Inspired by the words and witness of some military chaplains I recently heard speak, I wanted to reflect on the contribution given to our nation by chaplains.
My reflection starts with the events of February 1943. At the end of January 1943 the USAT Dorchester left New York bound for Greenland. It was originally a civilian ship but was now carrying over 900 military and civilian souls when it embarked on its mission to deliver people and goods to Europe via Greenland.
The captain, Hans J. Danielsen, was a cautious man and knew that German U-boats had been monitoring shipping lines and had sunk some vessels. Even before he got reports of a nearby enemy submarine, he had put his men on high alert as they advanced through the North Atlantic.
On February 9, just off of Newfoundland, the Dorchester was hit by a torpedo that along with opening up the hull knocked out the ship’s electrical generators. The whole structure went black and immediately presented itself as a metallic coffin for the nearly one thousand people on board.
Panic would have taken over the minds and hearts of every man but for the calming work of four chaplains: George L. Fox, Alexander D. Goode, Clark V. Poling, and John P. Washington.
The Rev. George L. Fox was a Methodist minister originally from Lewistown, Pennsylvania. He had a son, Wyatt, who was a Marine in the war. Rabbi Alexander D. Goode was actually Goodekowitz, the son of a rabbi from Brooklyn, New York. He was raised in Washington D.C. The Rev. Clark V. Poling was a Baptist minister born in Columbus, Ohio. He was the son of a chaplain who served during the first World War. His father explained to him that chaplains risked their lives on the front line. Poling was undeterred and enlisted. Father John P. Washington was born in Newark, New Jersey and had served at a number of parishes before he ended up at the Chaplain’s School at Harvard where he met the other three men.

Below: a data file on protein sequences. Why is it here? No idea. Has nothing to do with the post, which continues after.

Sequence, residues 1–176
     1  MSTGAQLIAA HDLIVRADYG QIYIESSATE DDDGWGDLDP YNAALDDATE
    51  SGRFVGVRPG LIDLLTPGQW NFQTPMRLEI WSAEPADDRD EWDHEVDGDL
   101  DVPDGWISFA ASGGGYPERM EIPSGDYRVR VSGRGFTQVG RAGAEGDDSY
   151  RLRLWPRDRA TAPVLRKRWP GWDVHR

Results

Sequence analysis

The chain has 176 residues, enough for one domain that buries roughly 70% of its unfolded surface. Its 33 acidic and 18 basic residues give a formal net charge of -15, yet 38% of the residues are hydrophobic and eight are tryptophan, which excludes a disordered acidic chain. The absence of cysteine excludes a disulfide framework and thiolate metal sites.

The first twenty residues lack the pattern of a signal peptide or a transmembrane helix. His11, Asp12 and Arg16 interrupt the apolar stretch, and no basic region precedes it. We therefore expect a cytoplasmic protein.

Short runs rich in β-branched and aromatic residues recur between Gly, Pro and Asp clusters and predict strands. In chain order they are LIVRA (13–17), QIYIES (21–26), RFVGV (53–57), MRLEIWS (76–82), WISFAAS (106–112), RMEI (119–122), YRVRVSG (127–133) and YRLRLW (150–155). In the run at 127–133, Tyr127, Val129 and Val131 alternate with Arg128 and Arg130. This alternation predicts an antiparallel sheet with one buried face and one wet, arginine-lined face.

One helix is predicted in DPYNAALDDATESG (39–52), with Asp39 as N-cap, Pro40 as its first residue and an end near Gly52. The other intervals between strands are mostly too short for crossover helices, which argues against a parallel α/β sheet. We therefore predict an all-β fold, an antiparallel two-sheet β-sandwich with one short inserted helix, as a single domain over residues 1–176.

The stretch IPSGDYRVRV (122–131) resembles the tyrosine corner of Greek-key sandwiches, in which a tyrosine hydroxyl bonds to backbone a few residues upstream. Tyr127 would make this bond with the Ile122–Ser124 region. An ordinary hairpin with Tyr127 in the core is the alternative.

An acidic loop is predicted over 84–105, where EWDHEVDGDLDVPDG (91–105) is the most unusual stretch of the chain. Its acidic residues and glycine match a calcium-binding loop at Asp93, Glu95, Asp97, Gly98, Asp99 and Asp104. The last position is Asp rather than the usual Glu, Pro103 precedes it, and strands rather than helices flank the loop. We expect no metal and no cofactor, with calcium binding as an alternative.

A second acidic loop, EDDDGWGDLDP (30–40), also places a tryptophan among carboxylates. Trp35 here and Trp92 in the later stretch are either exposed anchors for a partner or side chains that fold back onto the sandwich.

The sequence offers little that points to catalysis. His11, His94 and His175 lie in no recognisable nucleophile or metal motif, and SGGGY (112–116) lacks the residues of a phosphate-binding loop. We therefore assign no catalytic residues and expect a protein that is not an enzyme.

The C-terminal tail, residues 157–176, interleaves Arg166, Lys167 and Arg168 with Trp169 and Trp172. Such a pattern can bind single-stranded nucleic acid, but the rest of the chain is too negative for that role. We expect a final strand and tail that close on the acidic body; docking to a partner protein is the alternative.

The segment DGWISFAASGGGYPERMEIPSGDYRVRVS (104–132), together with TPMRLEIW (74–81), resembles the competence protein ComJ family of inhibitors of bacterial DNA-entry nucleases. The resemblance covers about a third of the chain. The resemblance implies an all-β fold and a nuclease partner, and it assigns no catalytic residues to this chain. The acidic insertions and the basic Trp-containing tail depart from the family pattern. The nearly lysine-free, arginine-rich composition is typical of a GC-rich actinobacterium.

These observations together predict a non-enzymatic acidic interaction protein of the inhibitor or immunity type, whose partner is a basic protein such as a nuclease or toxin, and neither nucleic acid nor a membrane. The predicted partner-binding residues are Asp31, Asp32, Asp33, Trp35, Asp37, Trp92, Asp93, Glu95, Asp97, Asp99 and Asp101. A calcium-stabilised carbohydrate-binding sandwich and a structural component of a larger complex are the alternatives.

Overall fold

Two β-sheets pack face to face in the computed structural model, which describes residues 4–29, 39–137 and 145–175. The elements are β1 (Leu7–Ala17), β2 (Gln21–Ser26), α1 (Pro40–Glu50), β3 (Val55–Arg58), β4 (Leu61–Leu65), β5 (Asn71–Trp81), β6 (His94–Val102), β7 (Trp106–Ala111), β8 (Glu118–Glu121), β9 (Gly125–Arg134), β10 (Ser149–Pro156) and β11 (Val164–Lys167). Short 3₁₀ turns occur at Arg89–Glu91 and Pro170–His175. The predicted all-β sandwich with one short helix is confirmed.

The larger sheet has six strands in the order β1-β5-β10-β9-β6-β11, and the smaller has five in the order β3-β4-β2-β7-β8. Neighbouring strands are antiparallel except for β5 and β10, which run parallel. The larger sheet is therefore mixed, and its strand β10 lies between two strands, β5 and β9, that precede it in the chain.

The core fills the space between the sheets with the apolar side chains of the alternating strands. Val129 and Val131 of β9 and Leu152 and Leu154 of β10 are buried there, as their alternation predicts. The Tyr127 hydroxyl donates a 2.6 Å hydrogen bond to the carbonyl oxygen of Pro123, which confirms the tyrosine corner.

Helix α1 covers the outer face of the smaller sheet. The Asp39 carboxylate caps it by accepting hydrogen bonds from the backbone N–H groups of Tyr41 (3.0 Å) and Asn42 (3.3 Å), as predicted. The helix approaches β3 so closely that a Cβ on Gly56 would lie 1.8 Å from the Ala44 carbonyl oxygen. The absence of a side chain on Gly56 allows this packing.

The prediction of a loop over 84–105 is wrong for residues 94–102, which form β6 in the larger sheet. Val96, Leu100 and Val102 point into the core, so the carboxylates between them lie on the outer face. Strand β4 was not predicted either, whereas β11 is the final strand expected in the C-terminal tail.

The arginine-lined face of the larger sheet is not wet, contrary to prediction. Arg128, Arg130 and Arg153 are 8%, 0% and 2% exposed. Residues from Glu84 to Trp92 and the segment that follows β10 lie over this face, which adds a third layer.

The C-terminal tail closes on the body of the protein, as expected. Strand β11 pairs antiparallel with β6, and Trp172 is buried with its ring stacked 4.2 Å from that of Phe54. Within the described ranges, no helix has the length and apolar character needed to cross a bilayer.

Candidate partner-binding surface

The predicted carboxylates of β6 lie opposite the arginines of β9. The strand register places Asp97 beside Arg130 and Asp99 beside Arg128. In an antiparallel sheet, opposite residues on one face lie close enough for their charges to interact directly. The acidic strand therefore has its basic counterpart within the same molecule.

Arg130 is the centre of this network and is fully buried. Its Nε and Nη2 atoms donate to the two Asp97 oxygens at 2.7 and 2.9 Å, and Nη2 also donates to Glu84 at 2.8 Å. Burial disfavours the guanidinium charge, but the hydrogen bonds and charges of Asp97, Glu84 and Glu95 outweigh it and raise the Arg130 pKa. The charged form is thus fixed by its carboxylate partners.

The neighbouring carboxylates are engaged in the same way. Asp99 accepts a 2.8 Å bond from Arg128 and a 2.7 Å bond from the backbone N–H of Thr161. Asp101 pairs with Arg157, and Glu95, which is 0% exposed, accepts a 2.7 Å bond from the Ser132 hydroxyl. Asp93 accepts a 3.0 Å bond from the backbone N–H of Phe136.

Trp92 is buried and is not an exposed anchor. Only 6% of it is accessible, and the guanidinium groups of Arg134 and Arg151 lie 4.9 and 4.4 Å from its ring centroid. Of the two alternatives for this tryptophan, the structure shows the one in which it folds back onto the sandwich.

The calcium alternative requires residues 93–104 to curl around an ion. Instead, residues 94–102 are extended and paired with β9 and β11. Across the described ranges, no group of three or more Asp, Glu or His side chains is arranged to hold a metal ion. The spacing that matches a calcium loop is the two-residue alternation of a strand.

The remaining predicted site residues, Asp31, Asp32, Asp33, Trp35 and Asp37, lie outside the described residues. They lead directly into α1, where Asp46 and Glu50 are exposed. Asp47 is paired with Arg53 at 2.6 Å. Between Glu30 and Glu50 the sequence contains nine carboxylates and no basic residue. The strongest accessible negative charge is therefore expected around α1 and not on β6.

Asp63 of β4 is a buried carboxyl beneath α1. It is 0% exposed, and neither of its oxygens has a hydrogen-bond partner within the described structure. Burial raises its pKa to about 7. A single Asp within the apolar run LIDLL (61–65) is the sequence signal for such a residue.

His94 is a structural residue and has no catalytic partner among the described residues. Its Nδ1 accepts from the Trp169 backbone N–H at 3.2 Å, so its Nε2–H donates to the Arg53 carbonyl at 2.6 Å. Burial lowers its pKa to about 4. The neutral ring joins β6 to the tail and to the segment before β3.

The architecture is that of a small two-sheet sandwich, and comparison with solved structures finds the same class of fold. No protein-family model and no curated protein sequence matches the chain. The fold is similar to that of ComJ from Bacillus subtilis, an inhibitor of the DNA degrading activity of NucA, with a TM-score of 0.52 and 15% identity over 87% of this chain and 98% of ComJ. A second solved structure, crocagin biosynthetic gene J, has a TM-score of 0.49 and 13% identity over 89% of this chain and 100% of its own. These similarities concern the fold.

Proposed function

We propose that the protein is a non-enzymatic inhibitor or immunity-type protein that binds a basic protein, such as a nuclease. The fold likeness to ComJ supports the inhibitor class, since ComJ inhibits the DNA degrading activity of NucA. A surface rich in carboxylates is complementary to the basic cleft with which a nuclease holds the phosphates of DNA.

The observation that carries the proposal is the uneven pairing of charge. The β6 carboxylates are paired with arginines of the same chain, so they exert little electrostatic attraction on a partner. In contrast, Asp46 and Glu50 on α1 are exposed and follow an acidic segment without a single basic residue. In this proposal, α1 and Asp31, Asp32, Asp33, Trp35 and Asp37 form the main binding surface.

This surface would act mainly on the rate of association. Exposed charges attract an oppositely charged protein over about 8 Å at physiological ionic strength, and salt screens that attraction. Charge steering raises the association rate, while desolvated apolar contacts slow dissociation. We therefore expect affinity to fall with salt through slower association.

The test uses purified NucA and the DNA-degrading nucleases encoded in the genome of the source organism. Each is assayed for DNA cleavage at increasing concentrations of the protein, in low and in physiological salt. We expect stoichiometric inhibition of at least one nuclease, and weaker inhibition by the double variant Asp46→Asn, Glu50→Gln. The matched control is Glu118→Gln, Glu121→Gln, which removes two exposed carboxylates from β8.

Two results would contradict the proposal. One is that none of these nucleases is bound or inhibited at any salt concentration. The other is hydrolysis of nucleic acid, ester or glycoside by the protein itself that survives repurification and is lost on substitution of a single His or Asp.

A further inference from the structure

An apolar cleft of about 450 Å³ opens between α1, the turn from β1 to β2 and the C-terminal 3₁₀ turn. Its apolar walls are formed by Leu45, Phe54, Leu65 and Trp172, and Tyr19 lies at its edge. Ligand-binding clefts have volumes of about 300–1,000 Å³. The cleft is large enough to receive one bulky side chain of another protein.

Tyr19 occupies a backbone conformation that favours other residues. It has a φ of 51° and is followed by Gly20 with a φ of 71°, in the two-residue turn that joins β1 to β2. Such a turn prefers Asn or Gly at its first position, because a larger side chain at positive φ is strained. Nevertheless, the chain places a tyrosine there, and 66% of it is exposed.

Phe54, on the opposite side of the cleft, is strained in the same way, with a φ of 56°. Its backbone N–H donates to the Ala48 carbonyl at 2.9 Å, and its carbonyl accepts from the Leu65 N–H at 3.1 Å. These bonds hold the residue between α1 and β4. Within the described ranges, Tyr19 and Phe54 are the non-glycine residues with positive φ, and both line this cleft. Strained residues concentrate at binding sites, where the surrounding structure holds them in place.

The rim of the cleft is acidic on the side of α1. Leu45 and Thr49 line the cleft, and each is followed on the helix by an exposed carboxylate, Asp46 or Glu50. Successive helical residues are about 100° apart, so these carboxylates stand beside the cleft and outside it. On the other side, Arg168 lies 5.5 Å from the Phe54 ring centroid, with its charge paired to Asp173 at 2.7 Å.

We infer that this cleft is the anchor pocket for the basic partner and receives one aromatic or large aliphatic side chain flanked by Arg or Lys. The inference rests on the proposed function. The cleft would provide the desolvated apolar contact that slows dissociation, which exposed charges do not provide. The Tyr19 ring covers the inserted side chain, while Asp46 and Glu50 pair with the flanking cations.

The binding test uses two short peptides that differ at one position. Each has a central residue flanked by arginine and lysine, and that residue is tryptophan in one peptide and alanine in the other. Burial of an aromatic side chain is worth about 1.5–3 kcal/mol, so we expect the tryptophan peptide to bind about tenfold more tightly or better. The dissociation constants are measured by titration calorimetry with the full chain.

The four chaplains calmed the men on the Dorchester by organizing the ordered evacuation of the sinking ship and by distributing life jackets. When all the jackets were gone, they took off their own and handed them to others. Fox didn’t seek out a Methodist, nor Goode a Jew, nor Washington a Catholic. The men just gave up their only life line so that others could live.
One of the survivors reported that looking back as the ship sank, he saw all four chaplains comforting those left behind. They stood on the deck, arm in arm, singing and praying loudly. Some of the other survivors reported later hearing snippets of Hebrew from Rabbi Goode and Latin from Fr. Washington. The four chaplains died that day with 670 others, but their testament to fidelity and selflessness lives on today.
One way in which it does is through film. There is a scene from the HBO series Band of Brothers where a Catholic chaplain is giving last rites to several of the fallen. It is remarked on by other soldiers because while the priest is reciting the prayers in Latin and providing this blessing, he is seemingly unmindful of the gun fire from Germans that is whizzing over his shoulders that bear the purple stole.
This toss-away scene in the series is not insignificant as the series is based on the lives and experiences of actual World War II veterans. And it is not insignificant because there are many examples of military chaplains who like the four mentioned above have given their lives for the sake of the men they serve, men and women who give their lives for our liberty.